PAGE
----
2022 College Football Playoff National Championship planning underway

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The day was hot and muggy with showers in the morning and the field of Lucas Oil Stadium was covered with dirt for this weekend’s Monster Jam 2021, but in a stadium conference room below ground level, event planners and contractors were asking each other about plowing snow from parking lots outside of the Indiana Convention Center and providing porta johns for bus drivers who will be transporting players back and forth for the 2022 College Football Playoff National Championship next January 10th in Indianapolis.

“I think we have sixty groups who are in town for these meetings over the last four days,” said Susan Baughman, 2022 Indy CFP Host Committee President. “We’re drilling down on everything from space use to public safety, transportation and all the details of the event.”

When the next college football national champion is crowned on the 50-yard line of Lucas Oil Stadium early next year, Indianapolis will have hosted its third large profile sporting event in less than 12 months coming fresh off the COVID-19 pandemic which rocked the city’s sports and tourism industries in 2020.

“Indianapolis and Indiana have earned the right put on these three major sporting events in a single year,” said Mark Howell, Board Chair of the Host Committee. “The economic impact of just this event itself is $150 million and those $150 million will go a long way to creating tailwinds which will benefit us going into the future.”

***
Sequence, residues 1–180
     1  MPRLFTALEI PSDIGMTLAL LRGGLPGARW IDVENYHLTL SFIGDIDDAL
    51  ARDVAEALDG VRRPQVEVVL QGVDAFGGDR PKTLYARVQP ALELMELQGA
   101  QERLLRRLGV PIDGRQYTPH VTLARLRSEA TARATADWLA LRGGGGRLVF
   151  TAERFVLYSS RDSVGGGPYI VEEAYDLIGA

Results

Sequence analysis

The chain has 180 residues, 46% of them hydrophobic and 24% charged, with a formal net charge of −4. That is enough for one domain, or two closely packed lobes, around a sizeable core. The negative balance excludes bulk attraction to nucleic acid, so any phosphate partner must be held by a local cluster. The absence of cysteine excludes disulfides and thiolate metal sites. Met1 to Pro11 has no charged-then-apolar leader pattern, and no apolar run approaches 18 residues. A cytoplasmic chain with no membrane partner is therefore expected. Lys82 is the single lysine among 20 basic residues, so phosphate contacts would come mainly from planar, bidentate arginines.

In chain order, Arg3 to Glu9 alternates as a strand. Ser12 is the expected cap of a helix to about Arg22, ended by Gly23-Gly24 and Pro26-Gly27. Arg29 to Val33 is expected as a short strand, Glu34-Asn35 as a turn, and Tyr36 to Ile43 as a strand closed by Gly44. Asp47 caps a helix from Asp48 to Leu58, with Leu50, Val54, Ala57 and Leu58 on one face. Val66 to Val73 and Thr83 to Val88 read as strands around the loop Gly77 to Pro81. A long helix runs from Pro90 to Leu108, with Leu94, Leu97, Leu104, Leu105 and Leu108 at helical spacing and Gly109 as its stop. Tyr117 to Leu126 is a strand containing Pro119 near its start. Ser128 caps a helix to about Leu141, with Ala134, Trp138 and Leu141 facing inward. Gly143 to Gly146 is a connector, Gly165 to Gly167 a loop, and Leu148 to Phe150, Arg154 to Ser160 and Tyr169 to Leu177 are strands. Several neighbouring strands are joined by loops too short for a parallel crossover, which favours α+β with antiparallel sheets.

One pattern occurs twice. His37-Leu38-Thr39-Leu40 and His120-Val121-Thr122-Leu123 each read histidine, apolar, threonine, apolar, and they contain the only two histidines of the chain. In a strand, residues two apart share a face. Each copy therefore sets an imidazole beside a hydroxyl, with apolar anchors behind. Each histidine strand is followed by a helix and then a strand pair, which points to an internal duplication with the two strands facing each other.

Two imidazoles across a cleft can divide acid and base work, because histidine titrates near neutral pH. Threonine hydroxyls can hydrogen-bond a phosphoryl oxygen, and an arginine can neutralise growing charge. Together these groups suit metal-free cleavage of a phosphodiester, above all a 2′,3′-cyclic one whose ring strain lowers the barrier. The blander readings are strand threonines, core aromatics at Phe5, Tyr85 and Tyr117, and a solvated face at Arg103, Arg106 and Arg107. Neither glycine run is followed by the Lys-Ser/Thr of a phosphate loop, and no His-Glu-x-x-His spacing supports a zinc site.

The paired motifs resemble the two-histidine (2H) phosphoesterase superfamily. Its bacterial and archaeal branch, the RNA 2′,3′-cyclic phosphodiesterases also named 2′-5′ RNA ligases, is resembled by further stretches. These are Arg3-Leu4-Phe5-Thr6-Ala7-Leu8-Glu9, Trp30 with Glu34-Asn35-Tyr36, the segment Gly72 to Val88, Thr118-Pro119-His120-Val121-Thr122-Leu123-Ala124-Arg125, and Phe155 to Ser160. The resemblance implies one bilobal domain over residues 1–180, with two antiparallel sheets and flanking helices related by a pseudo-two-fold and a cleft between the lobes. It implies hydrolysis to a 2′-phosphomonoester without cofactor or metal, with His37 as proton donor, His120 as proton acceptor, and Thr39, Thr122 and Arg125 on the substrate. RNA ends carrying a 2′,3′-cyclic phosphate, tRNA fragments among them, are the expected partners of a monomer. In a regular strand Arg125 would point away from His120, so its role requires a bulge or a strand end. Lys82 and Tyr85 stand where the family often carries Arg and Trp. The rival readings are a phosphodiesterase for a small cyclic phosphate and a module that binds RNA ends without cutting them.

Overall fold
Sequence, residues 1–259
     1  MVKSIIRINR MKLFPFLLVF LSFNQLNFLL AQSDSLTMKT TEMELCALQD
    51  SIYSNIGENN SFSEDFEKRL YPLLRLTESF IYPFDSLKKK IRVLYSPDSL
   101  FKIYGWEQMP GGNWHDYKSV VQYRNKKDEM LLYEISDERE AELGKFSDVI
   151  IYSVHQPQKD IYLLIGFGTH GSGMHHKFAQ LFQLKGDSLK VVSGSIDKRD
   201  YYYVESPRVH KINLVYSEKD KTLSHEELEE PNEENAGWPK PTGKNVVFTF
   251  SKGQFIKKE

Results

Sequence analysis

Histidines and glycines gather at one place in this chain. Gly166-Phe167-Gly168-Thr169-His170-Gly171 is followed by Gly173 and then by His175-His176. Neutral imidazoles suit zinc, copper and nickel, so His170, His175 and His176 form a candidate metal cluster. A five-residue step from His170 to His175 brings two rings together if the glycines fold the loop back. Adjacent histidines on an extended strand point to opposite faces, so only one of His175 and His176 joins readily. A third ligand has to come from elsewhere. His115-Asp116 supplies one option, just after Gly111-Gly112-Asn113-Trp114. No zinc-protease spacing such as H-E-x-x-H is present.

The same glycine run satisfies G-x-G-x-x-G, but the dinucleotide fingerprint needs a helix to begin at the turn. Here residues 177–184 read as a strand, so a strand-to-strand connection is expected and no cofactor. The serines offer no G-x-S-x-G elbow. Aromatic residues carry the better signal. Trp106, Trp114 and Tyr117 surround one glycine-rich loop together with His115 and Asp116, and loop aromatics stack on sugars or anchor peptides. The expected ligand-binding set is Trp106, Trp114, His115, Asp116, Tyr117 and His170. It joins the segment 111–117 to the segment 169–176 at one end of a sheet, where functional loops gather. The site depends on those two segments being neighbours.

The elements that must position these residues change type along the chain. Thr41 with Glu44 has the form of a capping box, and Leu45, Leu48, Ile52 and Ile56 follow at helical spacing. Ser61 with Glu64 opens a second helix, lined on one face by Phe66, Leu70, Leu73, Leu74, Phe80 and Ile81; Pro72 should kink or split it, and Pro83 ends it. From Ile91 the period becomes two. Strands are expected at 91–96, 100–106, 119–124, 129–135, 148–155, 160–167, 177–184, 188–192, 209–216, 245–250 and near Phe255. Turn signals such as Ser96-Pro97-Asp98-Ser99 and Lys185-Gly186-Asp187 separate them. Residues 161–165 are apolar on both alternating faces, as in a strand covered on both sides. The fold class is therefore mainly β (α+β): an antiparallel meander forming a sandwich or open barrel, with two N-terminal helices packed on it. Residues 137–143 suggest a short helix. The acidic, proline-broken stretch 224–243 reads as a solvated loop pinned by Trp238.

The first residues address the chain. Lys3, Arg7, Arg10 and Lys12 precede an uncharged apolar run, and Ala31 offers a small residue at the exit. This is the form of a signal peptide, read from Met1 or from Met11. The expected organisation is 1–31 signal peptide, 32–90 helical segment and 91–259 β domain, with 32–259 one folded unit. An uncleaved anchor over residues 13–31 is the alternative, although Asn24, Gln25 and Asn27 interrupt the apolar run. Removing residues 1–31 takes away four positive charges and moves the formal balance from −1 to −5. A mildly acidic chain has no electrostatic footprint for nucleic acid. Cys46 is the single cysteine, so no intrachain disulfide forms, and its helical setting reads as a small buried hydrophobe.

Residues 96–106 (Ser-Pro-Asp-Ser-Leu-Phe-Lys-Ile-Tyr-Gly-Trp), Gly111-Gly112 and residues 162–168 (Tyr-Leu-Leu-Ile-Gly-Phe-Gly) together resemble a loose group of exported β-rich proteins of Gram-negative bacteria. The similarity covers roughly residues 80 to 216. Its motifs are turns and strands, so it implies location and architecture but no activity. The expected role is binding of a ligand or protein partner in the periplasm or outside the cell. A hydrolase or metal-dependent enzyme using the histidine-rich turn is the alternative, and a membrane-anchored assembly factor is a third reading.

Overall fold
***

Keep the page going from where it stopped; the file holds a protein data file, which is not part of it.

While the Indianapolis tourism industry will be boosted by the arrival of 100,000 college football fans at a time when post-Christmas spending and visiting in mid-winter typically hits a downtown slump even in the best of years, other small businesses and contractors will benefit from providing the services the CFP will need to stage its championship game.

“There are hundreds of businesses that will be positively impacted as vendors associated with this event,” said Howell. “We will be able to show off Indiana and Indianapolis in ways that will produce longer term economic impact that is a little bit harder to measure.”

Visit Indy estimated that Indianapolis benefitted from the equivalent of $25 million in free marketing and branding as a result of hosting the NCAA Mens’ Basketball Tournament and the Indianapolis Motor Speedway recently welcomed in excess of 200,000 fans to the largest single event since the start of the COVID-19 pandemic in March of last year.

“People say you couldn’t have the budget to buy the advertising you get from a big-time event like the college football playoff,” said Bill Hancock, Executive Director of CFP who, as a former top NCAA official, saw firsthand how Indianapolis can host large sporting events typically attracted to larger warm weather cities. “It is fun to take it to a different area and that was part of our thinking when we said, ‘Let’s go to Indianapolis. Let’s introduce college football, top level college football, national college football to a new city and let’s introduce a new city to our level of college football.’”

Indianapolis’ success in staging the first cold weather Super Bowl in three decades in 2012 proved to planners that fears of falling temperatures should not be an obstacle to taking a wintertime football championship to the Midwest.

“I think our Super Bowl experience gave us a very good plan to build on. We pulled that out. We’re using that playbook,” said Baughman. “You kind of like to pull out your coat and tailgate so I think it’s a perfect place for it.”

Baughman said officials have been reaching out to the downtown dining industry, telling restauranteurs what to expect in anticipation they will have enough help on hand to meet the demand for diners.

One year after riots rocked downtown and just days after public mask mandates to curb the spread of COVID-19 were lifted, Indianapolis is in the midst of a post-pandemic economic comeback.

“We may have been knocked,” said Howell, “but we weren’t knocked down, and came back from that.”

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